Report on Villarrica (Chile) — November 1992
Bulletin of the Global Volcanism Network, vol. 17, no. 11 (November 1992)
Managing Editor: Lindsay McClelland.
Villarrica (Chile) Spatter ejected from small summit vent; strong fumarolic activity
Please cite this report as:
Global Volcanism Program, 1992. Report on Villarrica (Chile) (McClelland, L., ed.). Bulletin of the Global Volcanism Network, 17:11. Smithsonian Institution.
39.42°S, 71.93°W; summit elev. 2847 m
All times are local (unless otherwise noted)
Jeff Witter climbed Villarrica on 17 November and observed summit-crater activity for about an hour. The circular main crater, ~ 200 m in diameter and 100 m deep, had vertical sides and a flat floor covered by black spatter. Gas flux was vigorous and continuous from an incandescent pit, 5 m in diameter, ~ 20 m E of the center of the crater. At intervals of ~5-10 minutes, roughly 2 m3 of spatter were ejected from the pit to 15 m height. Sounds similar to ocean waves also emanated from the pit. After about 30 minutes of observations, a 2 m2 section of the crater floor collapsed, enlarging the pit. Five more glowing pits, none more than 0.5 m across, were visible along the E edge of the crater floor. No tephra was found on the surface of snow and ice in the summit area, although convection carried small scoria fragments to as much as 130 m above the crater floor.
Moderate fumarolic activity occurred from a 20 x 10 m area on the SW rim, and from a 10-m vent ~ 5 m N of the main crater rim. Gases were strong-smelling and caused a burning sensation in the eyes, nose, and lungs. Fumarolic activity appeared stronger the next day, when observations from the entrance to Villarrica National Park (~ 7 km away) revealed a white billowing vapor cloud enveloping the entire summit area.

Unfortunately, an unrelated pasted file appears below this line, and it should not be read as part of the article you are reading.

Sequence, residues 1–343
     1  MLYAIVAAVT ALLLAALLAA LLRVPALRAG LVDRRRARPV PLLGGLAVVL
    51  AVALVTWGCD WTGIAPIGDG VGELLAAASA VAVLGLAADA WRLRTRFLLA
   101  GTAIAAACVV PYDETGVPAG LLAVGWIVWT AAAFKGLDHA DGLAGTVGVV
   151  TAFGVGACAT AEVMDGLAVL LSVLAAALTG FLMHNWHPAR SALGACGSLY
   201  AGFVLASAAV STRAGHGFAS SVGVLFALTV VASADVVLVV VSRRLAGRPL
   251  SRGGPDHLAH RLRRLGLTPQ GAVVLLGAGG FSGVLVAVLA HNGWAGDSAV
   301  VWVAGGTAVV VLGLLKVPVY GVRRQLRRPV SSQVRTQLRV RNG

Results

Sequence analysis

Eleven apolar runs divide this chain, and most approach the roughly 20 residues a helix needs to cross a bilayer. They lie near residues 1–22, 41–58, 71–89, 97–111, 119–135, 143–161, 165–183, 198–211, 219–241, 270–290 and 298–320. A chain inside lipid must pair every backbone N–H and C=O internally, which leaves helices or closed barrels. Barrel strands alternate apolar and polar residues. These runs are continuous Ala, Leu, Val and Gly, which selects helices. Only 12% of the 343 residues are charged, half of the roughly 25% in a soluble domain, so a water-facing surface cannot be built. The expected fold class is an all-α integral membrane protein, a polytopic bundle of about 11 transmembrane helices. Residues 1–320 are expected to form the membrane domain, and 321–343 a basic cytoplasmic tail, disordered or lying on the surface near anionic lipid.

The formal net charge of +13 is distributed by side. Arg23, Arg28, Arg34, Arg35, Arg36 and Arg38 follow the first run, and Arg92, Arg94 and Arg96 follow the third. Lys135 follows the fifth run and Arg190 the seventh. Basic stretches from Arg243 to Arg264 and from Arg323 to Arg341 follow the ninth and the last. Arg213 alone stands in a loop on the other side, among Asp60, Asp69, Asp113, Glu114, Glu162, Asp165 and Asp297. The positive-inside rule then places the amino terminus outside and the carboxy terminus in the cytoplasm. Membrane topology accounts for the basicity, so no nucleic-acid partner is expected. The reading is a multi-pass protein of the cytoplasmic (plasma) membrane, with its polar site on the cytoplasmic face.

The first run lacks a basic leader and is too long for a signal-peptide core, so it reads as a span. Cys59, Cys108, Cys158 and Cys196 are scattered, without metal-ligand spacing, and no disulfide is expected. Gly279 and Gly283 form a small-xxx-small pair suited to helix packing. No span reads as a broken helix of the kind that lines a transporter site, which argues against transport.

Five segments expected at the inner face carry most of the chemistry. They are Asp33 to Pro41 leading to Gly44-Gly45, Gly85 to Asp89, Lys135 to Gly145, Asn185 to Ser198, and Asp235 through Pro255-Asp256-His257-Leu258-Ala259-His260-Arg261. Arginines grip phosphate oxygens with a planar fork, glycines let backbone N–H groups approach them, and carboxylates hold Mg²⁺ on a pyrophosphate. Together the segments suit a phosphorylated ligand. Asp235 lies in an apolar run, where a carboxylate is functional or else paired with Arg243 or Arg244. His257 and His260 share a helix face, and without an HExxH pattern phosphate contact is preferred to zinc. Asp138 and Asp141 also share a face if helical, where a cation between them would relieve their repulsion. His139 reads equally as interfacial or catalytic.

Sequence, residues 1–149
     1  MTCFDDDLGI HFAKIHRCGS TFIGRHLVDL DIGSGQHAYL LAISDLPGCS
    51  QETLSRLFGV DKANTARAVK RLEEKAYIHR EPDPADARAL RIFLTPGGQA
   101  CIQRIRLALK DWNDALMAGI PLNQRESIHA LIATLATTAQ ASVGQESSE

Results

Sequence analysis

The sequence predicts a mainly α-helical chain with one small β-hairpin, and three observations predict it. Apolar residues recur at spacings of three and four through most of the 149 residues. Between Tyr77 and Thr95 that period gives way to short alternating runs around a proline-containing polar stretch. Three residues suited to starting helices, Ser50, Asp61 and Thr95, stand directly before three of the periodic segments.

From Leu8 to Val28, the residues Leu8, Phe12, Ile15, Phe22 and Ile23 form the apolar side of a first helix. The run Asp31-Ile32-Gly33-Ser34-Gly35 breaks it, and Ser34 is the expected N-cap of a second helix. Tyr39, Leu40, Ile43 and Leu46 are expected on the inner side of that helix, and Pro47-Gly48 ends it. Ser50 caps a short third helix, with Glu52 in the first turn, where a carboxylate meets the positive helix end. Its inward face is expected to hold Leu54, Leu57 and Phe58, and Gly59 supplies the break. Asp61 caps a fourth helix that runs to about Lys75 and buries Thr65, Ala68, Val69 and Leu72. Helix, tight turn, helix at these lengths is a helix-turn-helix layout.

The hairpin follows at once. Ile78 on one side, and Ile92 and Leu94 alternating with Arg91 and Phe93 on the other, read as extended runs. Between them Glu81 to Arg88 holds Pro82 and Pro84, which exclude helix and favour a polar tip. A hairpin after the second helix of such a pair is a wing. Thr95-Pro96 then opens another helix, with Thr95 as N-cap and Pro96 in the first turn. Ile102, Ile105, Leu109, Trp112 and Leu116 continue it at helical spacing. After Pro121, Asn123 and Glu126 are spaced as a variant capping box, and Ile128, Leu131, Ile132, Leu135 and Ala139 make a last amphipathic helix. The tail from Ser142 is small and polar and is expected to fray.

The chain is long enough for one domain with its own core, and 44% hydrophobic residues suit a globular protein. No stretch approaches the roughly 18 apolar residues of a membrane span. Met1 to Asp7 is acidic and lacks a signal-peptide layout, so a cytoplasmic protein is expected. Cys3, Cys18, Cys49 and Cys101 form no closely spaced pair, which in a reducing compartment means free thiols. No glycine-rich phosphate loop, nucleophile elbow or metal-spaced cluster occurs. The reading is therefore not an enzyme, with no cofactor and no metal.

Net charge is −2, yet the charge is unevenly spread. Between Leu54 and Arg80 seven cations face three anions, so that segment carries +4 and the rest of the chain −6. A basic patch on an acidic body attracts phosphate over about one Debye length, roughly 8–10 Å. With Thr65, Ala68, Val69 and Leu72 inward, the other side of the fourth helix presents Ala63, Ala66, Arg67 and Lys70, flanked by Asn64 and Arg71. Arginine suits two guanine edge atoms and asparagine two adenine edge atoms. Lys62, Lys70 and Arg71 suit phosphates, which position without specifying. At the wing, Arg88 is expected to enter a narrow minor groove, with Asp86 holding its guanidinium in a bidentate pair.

Geological Summary. Glacier-clad Villarrica, one of Chile's most active volcanoes, rises above the lake and town of the same name. It is the westernmost of three large stratovolcanoes that trend perpendicular to the Andean chain. A 6-km-wide caldera formed during the late Pleistocene. A 2-km-wide caldera that formed about 3500 years ago is located at the base of the presently active, dominantly basaltic to basaltic-andesitic cone at the NW margin of the Pleistocene caldera. More than 30 scoria cones and fissure vents dot the flanks. Plinian eruptions and pyroclastic flows that have extended up to 20 km from the volcano were produced during the Holocene. Lava flows up to 18 km long have issued from summit and flank vents. Historical eruptions, documented since 1558, have consisted largely of mild-to-moderate explosive activity with occasional lava effusion. Glaciers cover 40 km2 of the volcano, and lahars have damaged towns on its flanks.
Information Contacts: G. Fuentealba, Univ de la Frontera; J. Witter, Occidental College, Los Angeles.